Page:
From sanitizer to food donations, The City enables businesses looking to pivot to new ventures
The business landscape in Calgary has changed drastically since the city’s first case of COVID-19. With retail outlets closed, and food services operating curbside or take-out operations, many business owners are grappling with how to make ends meet - but many are also looking for ways to help.
From local knitting circles and mask-makers to large corporations, Calgarians are pitching in. Some local businesses are looking to change their production lines, while others are finding innovative ways to keep serving customers.
“The City is here to help any local business make changes to how they do their operations,” says Adam Ghani, chief electrical inspector, Calgary Building Services. “Already we’ve partnered with the Calgary Fire Department to help a local brewery retrofit their business and their facility to safely make hand sanitizer.”
Hand sanitizer is in short supply, and local distilleries and breweries, including Annex Ales, Confluence Distilling and Minhas Brewery, have successfully pivoted their facilities to a new line of production. However “alcohol-based sanitizer is highly flammable, and safety is our number one priority,” says Ghani. He encourages anyone considering the production of alcohol-based hand sanitizer to contact the Calgary Fire Department before making any modifications to their facility.
The City has officials on-hand like safety codes officers and building inspectors to support business owners who want to make changes and get up-and-running safely. “We’ve already seen a 20 per cent increase in applications for home-based businesses,” says Cliff De Jong, manager, Customer Solutions & Business Registration. “And we continue to field calls about applying for building permits and getting inspections.”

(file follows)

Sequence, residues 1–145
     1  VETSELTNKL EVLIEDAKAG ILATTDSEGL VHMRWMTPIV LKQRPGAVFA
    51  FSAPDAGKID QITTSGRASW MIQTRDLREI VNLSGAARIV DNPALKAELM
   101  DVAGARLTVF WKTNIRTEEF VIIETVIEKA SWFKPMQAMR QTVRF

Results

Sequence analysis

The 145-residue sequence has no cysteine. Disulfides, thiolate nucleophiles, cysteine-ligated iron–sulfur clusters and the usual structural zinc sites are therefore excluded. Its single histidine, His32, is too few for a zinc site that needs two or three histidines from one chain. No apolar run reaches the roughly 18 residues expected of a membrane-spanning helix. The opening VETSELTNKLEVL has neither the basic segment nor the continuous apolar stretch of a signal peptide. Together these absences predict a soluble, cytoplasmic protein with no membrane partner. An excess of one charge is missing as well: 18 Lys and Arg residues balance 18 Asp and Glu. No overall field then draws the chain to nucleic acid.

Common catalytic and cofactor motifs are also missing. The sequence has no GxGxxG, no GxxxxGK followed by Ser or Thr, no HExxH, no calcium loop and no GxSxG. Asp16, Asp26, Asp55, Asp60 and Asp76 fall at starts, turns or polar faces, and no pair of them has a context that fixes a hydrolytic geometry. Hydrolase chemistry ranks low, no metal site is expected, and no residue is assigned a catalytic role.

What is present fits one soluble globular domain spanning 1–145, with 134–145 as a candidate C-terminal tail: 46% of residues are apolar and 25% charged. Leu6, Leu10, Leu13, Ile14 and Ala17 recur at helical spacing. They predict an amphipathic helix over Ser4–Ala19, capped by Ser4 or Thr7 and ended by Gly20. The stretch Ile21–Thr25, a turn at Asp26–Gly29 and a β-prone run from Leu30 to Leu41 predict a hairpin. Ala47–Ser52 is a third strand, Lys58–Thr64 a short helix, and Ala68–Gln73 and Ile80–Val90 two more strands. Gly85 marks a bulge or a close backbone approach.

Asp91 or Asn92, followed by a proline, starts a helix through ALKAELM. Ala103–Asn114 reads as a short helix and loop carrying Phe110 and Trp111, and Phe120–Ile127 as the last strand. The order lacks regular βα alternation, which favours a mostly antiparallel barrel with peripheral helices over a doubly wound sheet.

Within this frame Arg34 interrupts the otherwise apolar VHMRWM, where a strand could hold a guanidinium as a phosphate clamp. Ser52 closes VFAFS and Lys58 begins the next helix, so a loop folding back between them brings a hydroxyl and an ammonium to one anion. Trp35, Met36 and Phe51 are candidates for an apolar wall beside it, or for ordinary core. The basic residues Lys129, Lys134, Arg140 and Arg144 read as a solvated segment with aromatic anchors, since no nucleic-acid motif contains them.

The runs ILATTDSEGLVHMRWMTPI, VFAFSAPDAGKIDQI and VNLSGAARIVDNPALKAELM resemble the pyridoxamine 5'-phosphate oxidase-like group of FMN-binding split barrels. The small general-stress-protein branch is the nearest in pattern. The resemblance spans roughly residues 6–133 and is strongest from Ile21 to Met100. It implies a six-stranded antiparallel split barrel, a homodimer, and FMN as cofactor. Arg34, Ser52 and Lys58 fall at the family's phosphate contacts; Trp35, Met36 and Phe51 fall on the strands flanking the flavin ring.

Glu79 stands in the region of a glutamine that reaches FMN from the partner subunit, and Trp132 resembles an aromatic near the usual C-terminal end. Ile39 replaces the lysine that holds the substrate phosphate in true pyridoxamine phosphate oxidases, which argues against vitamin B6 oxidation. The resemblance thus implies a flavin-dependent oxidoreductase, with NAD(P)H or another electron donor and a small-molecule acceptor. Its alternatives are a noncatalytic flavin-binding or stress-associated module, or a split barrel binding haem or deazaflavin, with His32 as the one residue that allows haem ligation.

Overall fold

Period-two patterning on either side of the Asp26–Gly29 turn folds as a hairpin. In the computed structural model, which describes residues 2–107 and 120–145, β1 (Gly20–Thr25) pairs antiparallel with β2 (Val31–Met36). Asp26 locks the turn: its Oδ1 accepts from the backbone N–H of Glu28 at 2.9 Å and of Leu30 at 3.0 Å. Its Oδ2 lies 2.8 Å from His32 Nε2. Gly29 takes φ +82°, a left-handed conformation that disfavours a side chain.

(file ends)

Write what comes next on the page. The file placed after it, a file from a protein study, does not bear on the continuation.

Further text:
One example is The Leftovers Foundation, which receives excess food from restaurant suppliers and distributes it to the less fortunate. Executive Director Lourdes Juan approached The City about assistance with their new warehouse lease and concerns about HVAC requirements. “Ultimately, we were able to work collaboratively with our community planning team to confirm that no building permit was required,” says Ulrik Seward, chief building official.
In times of crisis, Calgarians are working together. “It’s important that local companies in Calgary know that we’re here to help,” says Seward. If you’re a local business thinking of changing your operations, or just want advice on what to do, contact the Planning Services Centre at (403) 268-5311 open from 8 a.m. to 4:15 p.m. or speak to us over live chat at www.calgary.ca/livechat.